112Who's Your Family Historian?
- Oct 6, 2010Many family reunion planners have proudly taken on the task of becoming the family historian and visa-versa. The fact is family genealogy research can be fun, exciting and addictive. Now one only has to sit at a computer with keyboard at hand and a wealth of genealogy information is just a few keystrokes away.
Fimark Home Online at www.fimark.net, the makers of the award winning Family Reunion Planner, also developed the Genealogy Research Toolkit found at http://genealogy.fimark.net
Some of the features include access to free non-commercial libraries, arvhives and databases not publicized online. In addition the kit provides research forms and worksheets that enable organized in depth research, recording and planning.
While online genealogy research reveals much about the family tree
and the history behind the branches, to fill in the blanks you need
to resort to age-old methods that will never become obsolete.
Consulting the elders. The family elders have a way of breathing life, character and reason into your genealogy work transforming your research from a dead collection of facts and data into lively family chronicles or even a novel or sorts. Tapping into the information that may only exist in the deep recesses of the minds archives can be enriching and intriguing to say the least. But access into this aging organic database can be a challenge.
But how can you tap in to this goldmine and keep the treasure chest
open for the taking without exhausting the eldest family member in
the process? The key is to open the mind with inspiration, carefully
selected questions, consideration and expressions of genuine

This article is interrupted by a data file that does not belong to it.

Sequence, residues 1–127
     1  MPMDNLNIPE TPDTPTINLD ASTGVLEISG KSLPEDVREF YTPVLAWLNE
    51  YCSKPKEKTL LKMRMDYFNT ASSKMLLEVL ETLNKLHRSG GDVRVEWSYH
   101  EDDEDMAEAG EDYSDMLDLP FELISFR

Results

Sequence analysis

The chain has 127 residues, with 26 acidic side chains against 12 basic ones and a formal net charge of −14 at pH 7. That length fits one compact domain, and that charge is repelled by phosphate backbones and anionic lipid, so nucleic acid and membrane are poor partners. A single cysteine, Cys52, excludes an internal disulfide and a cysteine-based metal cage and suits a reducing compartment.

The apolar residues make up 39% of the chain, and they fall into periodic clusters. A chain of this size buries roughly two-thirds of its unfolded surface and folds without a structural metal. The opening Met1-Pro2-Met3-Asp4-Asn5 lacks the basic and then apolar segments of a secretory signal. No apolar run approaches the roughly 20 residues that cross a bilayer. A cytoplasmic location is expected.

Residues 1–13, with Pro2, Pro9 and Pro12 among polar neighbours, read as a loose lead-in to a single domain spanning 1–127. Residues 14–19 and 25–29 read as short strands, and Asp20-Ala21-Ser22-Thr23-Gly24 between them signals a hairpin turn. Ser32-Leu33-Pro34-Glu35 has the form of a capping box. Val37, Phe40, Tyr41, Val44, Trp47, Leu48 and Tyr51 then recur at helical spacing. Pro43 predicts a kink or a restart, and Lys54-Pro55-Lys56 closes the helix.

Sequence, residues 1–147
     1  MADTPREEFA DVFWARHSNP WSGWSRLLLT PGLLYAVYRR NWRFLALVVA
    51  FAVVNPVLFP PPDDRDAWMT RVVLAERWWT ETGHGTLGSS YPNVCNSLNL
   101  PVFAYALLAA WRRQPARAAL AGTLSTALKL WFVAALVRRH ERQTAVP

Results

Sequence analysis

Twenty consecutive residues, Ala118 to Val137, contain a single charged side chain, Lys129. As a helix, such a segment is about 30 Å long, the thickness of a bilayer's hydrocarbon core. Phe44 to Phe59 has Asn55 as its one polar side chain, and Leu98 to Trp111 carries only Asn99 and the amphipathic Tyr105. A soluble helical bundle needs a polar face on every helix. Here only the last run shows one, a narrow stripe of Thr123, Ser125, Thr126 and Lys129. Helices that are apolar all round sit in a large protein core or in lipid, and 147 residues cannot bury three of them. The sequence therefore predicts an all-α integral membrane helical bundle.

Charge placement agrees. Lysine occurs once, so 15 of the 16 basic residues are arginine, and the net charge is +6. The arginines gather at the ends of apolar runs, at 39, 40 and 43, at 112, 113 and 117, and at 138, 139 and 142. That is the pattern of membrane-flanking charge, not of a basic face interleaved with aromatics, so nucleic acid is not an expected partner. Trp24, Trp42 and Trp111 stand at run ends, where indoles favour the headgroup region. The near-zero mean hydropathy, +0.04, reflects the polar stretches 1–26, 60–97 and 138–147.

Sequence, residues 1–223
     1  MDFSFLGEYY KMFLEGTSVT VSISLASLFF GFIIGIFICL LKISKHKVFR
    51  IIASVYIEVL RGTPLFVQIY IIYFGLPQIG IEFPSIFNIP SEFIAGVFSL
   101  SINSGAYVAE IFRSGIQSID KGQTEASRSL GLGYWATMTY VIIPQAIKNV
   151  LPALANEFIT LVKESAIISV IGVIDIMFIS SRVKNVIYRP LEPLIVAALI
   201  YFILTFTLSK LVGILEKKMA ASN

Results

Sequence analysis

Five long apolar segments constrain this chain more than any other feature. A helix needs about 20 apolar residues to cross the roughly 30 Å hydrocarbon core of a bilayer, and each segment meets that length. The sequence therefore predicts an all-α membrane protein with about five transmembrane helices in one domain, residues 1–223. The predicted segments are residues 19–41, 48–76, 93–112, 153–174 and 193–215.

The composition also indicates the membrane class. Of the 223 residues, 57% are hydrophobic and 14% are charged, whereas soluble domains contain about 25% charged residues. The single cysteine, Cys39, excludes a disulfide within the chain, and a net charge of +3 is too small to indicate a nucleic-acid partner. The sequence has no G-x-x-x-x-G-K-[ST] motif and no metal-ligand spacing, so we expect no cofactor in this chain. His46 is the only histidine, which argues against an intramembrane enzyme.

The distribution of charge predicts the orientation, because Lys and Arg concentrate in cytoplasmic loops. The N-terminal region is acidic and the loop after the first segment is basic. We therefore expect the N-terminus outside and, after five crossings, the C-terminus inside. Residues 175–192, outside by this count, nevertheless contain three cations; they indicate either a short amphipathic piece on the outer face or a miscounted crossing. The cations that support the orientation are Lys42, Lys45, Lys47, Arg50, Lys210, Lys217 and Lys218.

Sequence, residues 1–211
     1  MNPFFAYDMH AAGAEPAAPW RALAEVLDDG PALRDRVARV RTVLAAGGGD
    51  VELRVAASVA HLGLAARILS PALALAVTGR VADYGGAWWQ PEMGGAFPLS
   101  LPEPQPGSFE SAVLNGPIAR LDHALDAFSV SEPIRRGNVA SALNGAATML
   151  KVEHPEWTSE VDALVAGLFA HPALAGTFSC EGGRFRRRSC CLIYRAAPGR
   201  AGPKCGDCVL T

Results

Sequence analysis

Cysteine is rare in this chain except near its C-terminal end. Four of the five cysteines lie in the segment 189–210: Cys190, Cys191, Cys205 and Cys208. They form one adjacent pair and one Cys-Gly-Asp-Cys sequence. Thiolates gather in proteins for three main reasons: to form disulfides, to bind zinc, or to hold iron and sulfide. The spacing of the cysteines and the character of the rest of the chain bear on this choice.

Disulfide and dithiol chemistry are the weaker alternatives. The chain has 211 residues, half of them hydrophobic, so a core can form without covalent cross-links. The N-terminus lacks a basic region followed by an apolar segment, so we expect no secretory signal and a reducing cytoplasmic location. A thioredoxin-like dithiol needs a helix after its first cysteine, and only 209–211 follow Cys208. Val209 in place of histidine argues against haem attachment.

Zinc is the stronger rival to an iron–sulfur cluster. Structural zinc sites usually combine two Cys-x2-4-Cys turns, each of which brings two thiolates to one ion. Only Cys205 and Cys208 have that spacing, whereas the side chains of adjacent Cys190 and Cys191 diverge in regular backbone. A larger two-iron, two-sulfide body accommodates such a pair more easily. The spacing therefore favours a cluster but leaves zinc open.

Family reunions are the key to tapping into this information treasure chest. The elders will likely explode with joy when memories long forgotten begin to flood the mind.
Allow the elders to examine old photos of family members and scenes
of his day. Interview the next oldest elder in the company of the
eldest. The two will help each other down the path they call memory
lane. Have the elder's son or daughter present if only to ask
questions leading to more information. Once the elder starts talking
you won't be able to get him/her to stop. But who wants to stop,
right? That said; plan to attend the next family reunion with a
view to interviewing the elders.
Choose Well Selected Questions
Take note of everything said. When information is slow coming ask
questions about what was already said. Why, how and when did
families migrate from the south to New York City, New Jersey or
Baltimore? What contributions did relatives make to 20th-century
Atlanta Georgia? What contributions did we make to the industry we
worked in? Where do our distinctive features and surname originate?
It is not just enough to ask about what was seen and experienced but
what it meant to them or what lessons they learned. It is advisable
both to write and get the interview on video camera.
Motivation To Go On
When asking questions stay on the subject. Straying too far from
where the elder wishes to go can be a mental strain and stressful.
Allow them to develop their story as they see fit during most of the
Interview. If you sense you have exhausted the subject move on.
Show Consideration - Provide Refreshment
Stop for breaks if the elder seems fatigued and needs water and
refreshment. 30-minute intervals of information every few hours may
be all that's the elder can give. Make the most of it. Ask the elder
for another session later in the day or on another day if the
reunion is a long weekend event.
Appreciation Goes A Long Way
Take the time to express appreciation for the time and effort each
elder put out to add to the family chronicles. Write a personal
letter of appreciation, present an award or certificate signed by
the family and reunion chairperson. Present oil painted portrait of
the eldest elder as a family heirloom. Above all share your personal
gratitude and love in small but meaningful ways for all we have is
Thinking about becoming the next family historian?
Go to http://genealogy.fimark.net to get started.
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Editor/Author - Mark Askew